Gives a brief overview on how the gender debate featured in the process of land reform in Tanzania and asks why socio-economic arguments have to be used by advocates of gender equitable land rights. Focuses on the Uluguru mountains and shows that the need for registration is rather a consequence of its possibility and not of deficiencies of tenure security within the customary system, and that informal access to land can be experienced as more secure than formal registration. Further argues that demand to use land as collateral is low and risk-awareness especially among women high.
Resultados de la búsquedaMostrando ítems 1 a 9 de 241.
Library ResourceInformes e investigacionesMarzo, 2003Tanzania, África
Library ResourceInformes e investigacionesEnero, 2008Etiopía
Traditionally, the land tenure system in Southern Ethiopia may be characterised by patrilineal inheritance and virilocal residence. Young girls have very little influence over when and whom to marry. Further, they have to go to a husband that their clan or family has identified for them, meaning that they after marriage move to the home of their new husband and inherit no land from their parents. Bride prices and dowries are commonly used, and girls are seen as the property of the husband and his clan. This also implies that if the husband dies, his wife is still the property of his clan.
Library ResourceArtículos de revistas y librosDiciembre, 2001Sudáfrica, África austral
Library ResourceRecursos y herramientas de capacitaciónDocumentos de política y resúmenesEnero, 2004Eslovenia, Liechtenstein, Bangladesh, Eslovaquia, El Salvador, Croacia, Chile, Zimbabwe, Alemania, Suiza, Hungría, Australia, Tanzania, Polonia, India, Brasil, República Checa, Europa oriental, Global, América central, África oriental, América del Sur, África austral, Asia oriental, Caribe, Asia meridional, Asia central
Citizenship is an abstract concept and therefore great care must be taken in explaining what it means in practice and what can effectively be done in the context of development interventions and policy. Development projects which enhance the ability of marginalised groups to access and influence decision-making bodies are implicitly if not explicitly working with concepts of citizenship. Citizenship is about concrete institutions, policy and structures and the ways in which people can shape them using ideas of rights and participation.
Library ResourceInformes e investigacionesMayo, 2007África austral, África oriental
There are multiple obstacles to the economic empowerment of women in Africa. For example, limited access to productive resources such as land, seed and fertiliser means that women may be unable to benefit from the expansion of trade in agricultural products. In fact, it has been calculated that agricultural productivity could increase by up to 20 percent if women's access to these resources were equal to men's.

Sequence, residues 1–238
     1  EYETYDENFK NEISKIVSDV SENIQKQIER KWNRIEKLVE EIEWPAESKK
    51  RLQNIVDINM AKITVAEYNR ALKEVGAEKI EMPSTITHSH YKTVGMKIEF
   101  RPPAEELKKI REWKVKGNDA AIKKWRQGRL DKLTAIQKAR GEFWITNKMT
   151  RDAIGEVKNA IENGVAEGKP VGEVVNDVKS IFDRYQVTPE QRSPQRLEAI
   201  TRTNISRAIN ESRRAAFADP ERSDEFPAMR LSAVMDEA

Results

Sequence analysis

Library ResourceEnero, 2002África subsahariana
The study was conducted to determine whether the gender difference in wealth and land allocation between male and female farmers in male-headed households is manifested in soil fertility indicators. It determined chemical fertility levels (fertility indicators) in the composite topsoil samples from 5 woman-owned plots and 5 man-owned plots in Ntanzi village, Uganda, on a Rhodic Ferralsol. A similar study was conducted on 8 woman-owned and 8 man-owned plots in Buggala Island, Uganda, on a Ferralic Arenosol.
Library ResourceDocumentos de conferencias e informesDiciembre, 2004Ghana
Library ResourceArtículos de revistas y librosNoviembre, 2002Kenya
Throughout this pocket size booklet, Land Reform Volume 4, KLA proposes that collectively as a nation, and especially during this time of the constitutional review process. The principles outlined be embraced with the purpose of providing women a deliberate opportunity to engage in decision-making as regards land-use,management and ownership.
The case of ZambiaInformes e investigacionesDiciembre, 2014Zambia
Land, and in particular agricultural land, is central to livelhoods in rural Zambia. Zambia is characterised by a dual legal system of customary and statutory law and by dual land tenure, with state land and customary land. A first wave of socialist-oriented reforms took place after independence in 1964, which abolished previously existing freehold land in favour of leasehold. Subsequent changes in government policies under the influence of structural adjustment programmes and a new government in 1991 paved the way for a market-driven land reform.
Library ResourceInformes e investigacionesFebrero, 2014Zambia, África
Paper discusses Zambia’s dual land tenure system, the ways in which gender issues have been incorporated in legal and policy documents, and the extent to which this has been reflected in practice. It also examines the role of donors in legal and policy processes and donor support to civil society in relation to women’s land rights. Gender and land policies provide for the allocation of land to women, but have little impact on the ground. Customary law is on the whole discriminatory against women, in particular with regard to land ownership.
Búsqueda en la Biblioteca de Tierras
A través de nuestro sólido motor de búsqueda, puede explorar cualquier elemento de los más de 64.800 recursos rigurosamente seleccionados en la Biblioteca de la Tierra. Si desea obtener una visión general de lo que es posible, siéntase libre de examinar la Guía de búsqueda.